Eureka Waterfront Brightens Up
On the south end of the waterfront, near Eureka's biggest shopping mall and the string of fast-food joints that front on Highway 101, sits a big green warehouse. Inside, Ken Bates, owner of Cloudburst Fishing Company, is winding black, tarred twine onto a needle. He's rehanging a net for an anchovy fisherman. Part of the net is piled in the middle of the floor and another part is stretched end to end like a sagging tennis court net. It's a blustery Monday afternoon in February, and the shop rattles in the wind while eucalyptus leaves drop heavily onto the murky skylights.
Bates, 56, moved to Eureka from San Pedro in 1970. “My dad was a marine electrician technician, and my grandfather was a tuna fisherman,” he says. He has fished since he was 15, for herring, salmon, lobster, crab—whatever the season and his schedule call for. He's also built about 40 fishing boats and, now and then, made a net for himself or other fishermen. “I love what I do,” he says, adding that, of course, he ekes out a living, but that isn't why he combines fishing with craft. “A good fisherman needs to know how to build gear.”
Then he tells a joke: A fisherman's wife has just given birth to a boy after several hours of labor during which the fisherman had fretted noisily about losing valuable fishing time. The doctor says, “I can tell the boy's going to be a fisherman too.” “How can you tell that?” asks the fisherman. “Because he came out crying,” says the doctor. Fishermen, says Bates, “are always crying.”
It's just the nature of the business, he adds. But local fishermen—like fishermen everywhere—have had plenty to cry about. Over the past 30 years of the fishing industry's decline, Eureka's fleet lost the dominant place on the waterfront it had occupied for more than 100 years. Bates explains it this way: Native Americans fished these waters for thousands of years. The modern commercial fishing fleet got its start 150 years ago, when Eureka became a city, and it prospered as technology improved and fishermen were able to catch more and more fish. That created more demand from the public, and the fleet—like fleets everywhere—expanded. In the late 1970s, the fishing industry overall began to crash as overfishing led to a depletion in certain stocks. Subsequent imposition of regulations aimed at recovery put a further squeeze on commercial fishermen. As the fisheries and associated businesses shrank, the waterfront began to decay. Meanwhile, people began to see waterfronts as nice places to live, eat, and enjoy themselves. Eureka, like other cities, began to cast about for ways to diversify its shoreline and make it pay, leading the clout-deficient fishermen to fear they would be edged out of the harbor completely by a fleet of shiny new shops.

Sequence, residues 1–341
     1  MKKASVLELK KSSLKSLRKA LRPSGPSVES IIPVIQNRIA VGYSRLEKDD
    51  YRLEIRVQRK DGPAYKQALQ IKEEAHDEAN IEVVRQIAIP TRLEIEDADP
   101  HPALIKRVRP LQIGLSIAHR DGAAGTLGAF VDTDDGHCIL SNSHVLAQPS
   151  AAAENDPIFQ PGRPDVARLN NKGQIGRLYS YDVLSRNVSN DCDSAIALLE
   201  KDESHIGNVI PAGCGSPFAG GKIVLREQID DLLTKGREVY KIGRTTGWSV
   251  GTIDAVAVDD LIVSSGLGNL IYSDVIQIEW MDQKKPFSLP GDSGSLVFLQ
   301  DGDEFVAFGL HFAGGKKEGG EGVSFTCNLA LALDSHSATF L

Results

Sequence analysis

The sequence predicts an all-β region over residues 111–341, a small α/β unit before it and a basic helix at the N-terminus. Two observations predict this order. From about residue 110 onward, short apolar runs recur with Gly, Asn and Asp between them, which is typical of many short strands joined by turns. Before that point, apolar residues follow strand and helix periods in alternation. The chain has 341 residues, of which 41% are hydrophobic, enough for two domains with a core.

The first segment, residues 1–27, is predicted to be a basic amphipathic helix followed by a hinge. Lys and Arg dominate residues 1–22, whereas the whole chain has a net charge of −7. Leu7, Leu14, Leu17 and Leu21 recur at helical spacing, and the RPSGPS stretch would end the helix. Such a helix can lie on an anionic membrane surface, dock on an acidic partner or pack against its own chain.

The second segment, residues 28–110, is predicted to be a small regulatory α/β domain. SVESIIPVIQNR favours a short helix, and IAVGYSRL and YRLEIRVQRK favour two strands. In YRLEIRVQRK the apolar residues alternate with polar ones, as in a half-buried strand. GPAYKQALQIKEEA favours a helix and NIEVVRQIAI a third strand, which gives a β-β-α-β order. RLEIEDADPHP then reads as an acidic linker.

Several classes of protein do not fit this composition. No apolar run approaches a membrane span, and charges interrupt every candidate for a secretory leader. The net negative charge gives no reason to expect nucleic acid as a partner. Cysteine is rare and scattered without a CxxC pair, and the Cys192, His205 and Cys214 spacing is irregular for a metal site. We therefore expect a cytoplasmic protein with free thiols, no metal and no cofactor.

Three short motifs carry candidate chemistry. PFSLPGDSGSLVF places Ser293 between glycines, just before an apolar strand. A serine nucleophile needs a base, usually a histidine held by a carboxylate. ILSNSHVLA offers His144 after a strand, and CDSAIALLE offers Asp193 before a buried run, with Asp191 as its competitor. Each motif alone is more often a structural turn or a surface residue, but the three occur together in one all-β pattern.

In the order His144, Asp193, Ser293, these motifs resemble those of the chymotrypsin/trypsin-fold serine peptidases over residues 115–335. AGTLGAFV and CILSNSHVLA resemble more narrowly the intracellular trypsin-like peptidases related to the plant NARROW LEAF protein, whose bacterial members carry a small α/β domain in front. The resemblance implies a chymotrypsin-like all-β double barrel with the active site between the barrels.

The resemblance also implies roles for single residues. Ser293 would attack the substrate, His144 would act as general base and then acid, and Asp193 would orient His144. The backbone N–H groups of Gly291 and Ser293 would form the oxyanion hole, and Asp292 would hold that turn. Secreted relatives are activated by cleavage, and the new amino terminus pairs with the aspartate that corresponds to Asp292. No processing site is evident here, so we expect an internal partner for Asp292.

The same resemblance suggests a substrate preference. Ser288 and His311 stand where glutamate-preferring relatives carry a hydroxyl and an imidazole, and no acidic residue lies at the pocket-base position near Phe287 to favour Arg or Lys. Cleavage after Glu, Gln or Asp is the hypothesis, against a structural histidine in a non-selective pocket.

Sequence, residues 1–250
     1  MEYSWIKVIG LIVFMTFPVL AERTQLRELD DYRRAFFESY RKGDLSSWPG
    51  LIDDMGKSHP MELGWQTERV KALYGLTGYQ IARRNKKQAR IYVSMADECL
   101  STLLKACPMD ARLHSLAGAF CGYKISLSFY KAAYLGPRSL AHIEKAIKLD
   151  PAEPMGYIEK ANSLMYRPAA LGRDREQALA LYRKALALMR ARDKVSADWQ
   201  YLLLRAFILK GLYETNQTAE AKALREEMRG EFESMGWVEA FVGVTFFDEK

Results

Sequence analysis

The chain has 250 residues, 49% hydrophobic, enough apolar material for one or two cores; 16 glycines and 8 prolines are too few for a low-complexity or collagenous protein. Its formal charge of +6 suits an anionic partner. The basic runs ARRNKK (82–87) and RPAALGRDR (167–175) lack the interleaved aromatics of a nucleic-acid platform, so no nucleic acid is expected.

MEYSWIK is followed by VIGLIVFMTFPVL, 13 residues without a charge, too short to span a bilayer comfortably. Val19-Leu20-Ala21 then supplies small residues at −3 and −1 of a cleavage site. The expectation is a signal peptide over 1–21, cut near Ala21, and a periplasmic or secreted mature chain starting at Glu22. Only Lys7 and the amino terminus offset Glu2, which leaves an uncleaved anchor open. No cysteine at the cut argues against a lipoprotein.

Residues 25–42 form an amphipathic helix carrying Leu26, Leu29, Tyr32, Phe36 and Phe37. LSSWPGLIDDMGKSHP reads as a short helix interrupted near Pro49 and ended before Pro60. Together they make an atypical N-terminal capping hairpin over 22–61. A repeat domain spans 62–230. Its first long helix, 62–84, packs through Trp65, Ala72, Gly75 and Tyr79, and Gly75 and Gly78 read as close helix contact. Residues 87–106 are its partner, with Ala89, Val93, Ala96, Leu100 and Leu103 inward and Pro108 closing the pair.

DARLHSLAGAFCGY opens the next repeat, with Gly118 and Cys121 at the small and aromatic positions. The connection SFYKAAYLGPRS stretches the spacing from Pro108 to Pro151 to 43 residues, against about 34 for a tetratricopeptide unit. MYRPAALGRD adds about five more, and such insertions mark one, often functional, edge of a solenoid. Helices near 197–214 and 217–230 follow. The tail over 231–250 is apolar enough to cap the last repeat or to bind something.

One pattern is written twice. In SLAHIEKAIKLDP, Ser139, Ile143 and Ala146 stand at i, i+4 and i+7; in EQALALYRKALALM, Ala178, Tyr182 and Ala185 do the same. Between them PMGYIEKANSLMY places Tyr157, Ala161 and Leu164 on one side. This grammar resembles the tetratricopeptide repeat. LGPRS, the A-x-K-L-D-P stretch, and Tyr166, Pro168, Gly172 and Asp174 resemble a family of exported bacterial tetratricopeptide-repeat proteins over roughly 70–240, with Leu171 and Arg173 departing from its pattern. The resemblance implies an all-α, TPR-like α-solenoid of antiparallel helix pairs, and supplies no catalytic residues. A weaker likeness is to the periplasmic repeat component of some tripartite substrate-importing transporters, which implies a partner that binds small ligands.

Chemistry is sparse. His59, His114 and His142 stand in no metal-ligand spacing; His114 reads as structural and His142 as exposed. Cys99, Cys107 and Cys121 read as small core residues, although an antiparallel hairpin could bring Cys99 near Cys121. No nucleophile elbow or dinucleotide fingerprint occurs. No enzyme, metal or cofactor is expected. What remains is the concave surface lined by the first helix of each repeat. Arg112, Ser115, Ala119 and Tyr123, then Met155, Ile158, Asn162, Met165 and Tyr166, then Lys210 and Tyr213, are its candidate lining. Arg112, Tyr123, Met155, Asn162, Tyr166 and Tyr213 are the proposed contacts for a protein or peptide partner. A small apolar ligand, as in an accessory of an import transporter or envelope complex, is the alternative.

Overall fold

“Tourists, visitor-serving things, non-water-dependent uses right on the waterfront—all those things affect the fishing fleets,” Bates says. All it takes, he says, is for someone in one of those shops on a dandied-up waterfront, next to a “colorful” working fish dock, to catch a whiff from all that industry and exclaim, “God, the bait on those boats smells—let's get 'em outta here!” And the smaller the boats, the greater the effect. It puts them out of business.